By MORGAN LEE – Associated Press
LOS ALAMOS NM (AP) – Public schools were closed and evacuation bags were packed this week when a stubborn forest fire crept within miles of the city of Los Alamos and its companion American National Security Lab – where assessing apocalyptic threats is a specialty and wilderness fire is a fancy equation.
People preparing to evacuate included a team of researchers at the Los Alamos National Laboratory using supercomputers to look into the future of forest fires in the American West, where climate change and a lasting drought are increasing the frequency and intensity of forest and grass fires.
Research and partnerships can eventually provide reliable predictions that shape how large traces of national forests are thinned out – or selectively burned – to ward off catastrophically hot fires that can quickly overwhelm cities, sterilize soil and forever change ecosystems.
“This is actually something we’re really trying to use to look for ways to deal with fire in the future,” said Rod Linn, a senior lab researcher who is leading the effort to create a supercomputer tool that predicts the outcome of fires in specific terrain and conditions.
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The high stakes in the research are evident during the furious start of the spring forest fires, which include a fire that has steadily set in against the Los Alamos National Laboratory, which triggers preparations for a potential evacuation.
The lab is one of two US facilities preparing to manufacture plutonium nuclei for use in nuclear weapons. Laboratory officials say critical infrastructure is well protected from the fire, which spans 175 square kilometers.
Still, the researchers are ready.
“We’ve packed our bags, loaded the cars, the kids are home from school – it’s a crazy day,” said Adam Atchley, a father of two and a laboratory hydrologist studying ecology in forest fires.
Forest fires that reach Los Alamos National Laboratory increase the risk – albeit somewhat – of chemical waste and radionuclides such as plutonium spreading through the air or in the ash transported away by runoff after a fire.
Mike McNaughton, an environmental health physicist at Los Alamos, admits that chemical and radiological waste was clearly abused during the laboratory’s first year, which arose from World War II’s attempts to design nuclear weapons during the Manhattan Project.
“People had a war to win and they were not careful,” McNaughton said. “Emissions now are very, very small compared to the historical emissions.”
Dave Fuehne, the laboratory’s team leader for measuring air emissions, says that a network of about 25 air monitors surrounds the facility. Additional high-volume monitors were put out when a fire broke out in April.
Trees and forests on campus are removed manually – 3,500 tons (3,175 tons) over the past four years, says Jim Jones, director of the lab’s Wildland Fire Mitigation Project.
“We’re not burning,” Jones said. “It’s not worth the risk.”
Flames have also destroyed mansions on a hill in California and chewed their way through more than 422 square miles (1,100 square kilometers) of tinder-dry mountain slopes in northeastern New Mexico.
The fire in the Sangre de Cristo mountain range is the largest fire in the United States, with thousands of residents still on the run as it continued its march on Friday through thick ponderosa pine forests and destroyed at least 170 homes in accessible areas that have been surveyed. In Colorado, authorities said Friday that one person died in a fire that destroyed eight RVs in Colorado Springs.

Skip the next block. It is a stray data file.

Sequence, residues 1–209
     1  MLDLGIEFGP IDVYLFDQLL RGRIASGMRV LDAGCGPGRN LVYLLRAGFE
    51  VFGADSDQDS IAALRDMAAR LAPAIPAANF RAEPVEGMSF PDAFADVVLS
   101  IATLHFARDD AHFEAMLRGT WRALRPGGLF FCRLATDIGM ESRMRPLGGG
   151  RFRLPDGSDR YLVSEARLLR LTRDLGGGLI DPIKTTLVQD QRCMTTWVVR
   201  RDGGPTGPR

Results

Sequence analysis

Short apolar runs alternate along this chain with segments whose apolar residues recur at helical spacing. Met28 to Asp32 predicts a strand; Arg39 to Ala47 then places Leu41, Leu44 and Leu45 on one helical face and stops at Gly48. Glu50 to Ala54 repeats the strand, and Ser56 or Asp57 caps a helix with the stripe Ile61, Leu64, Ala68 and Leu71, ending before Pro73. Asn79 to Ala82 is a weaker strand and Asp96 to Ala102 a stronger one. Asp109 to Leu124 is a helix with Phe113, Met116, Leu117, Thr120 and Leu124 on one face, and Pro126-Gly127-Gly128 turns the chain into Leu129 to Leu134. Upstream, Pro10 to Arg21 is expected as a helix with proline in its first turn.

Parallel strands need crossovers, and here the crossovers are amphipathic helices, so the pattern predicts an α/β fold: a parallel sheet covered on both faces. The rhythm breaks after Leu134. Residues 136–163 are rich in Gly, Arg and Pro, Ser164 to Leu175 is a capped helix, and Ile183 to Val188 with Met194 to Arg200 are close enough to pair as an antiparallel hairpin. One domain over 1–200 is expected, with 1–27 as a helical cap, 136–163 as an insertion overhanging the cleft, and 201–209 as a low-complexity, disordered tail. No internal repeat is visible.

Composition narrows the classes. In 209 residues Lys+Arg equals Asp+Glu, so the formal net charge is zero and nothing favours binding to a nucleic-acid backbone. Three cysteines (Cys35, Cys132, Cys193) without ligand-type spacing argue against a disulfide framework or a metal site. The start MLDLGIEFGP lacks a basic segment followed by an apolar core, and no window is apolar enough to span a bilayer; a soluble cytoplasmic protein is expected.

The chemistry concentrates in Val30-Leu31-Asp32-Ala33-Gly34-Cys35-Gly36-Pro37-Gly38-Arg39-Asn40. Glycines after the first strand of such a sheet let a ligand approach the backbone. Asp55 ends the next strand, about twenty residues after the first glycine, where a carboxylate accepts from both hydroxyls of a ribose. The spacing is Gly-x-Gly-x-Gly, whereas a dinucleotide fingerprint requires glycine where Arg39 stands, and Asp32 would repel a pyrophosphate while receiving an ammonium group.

Atchley says he contributes to research aimed at better understanding and preventing the most destructive forest fires, overheated fires that jump through the upper crowns of mature pines. He says that climate change is an unmistakable factor.
“It raises the window for burning forest fires. … the season for forest fires is year-round,” says Atchley. “And this is happening not just in the United States, but in Australia and Indonesia and around the world.”
He is not alone in suggesting that the answer may be more frequent, lower-intensity fires deliberately set in motion to mimic a cycle of combustion and renewal that may have taken place every two to six years in New Mexico before the arrival of Europeans.
“What we’re trying to do in Los Alamos is find out how to implement prescribed fire safely … given that climate change is extremely difficult,” he said.
Examples of intentional prescribed burns that escaped control include the 2000 Cerro Grande fire that swept through the residential areas of Los Alamos and over 12 square miles of the lab – more than a quarter of campus. The fire destroyed more than 230 homes and 45 structures in the lab. In 2011, a larger and faster fire burned the outskirts of the lab.
Atchley said that the forests of the western world can be seen and measured as a giant reserve that stores coal and can help keep climate change in check – if extreme fires can be limited.
Land managers say that expansive US national forests cannot be thinned by hand and machine alone.
Linn, a physicist, says that model software for forest fires is shared with land managers at the US Forest Service, as well as the Geological Service and the Fish and Wildlife Service, for preliminary tests to see if it can make prescribed fires easier to predict and control.
“We do not advocate for anyone to use any of these models blindly,” he said. “Be in the essential phase of building these relationships with land managers and help them start making it their model as well.”
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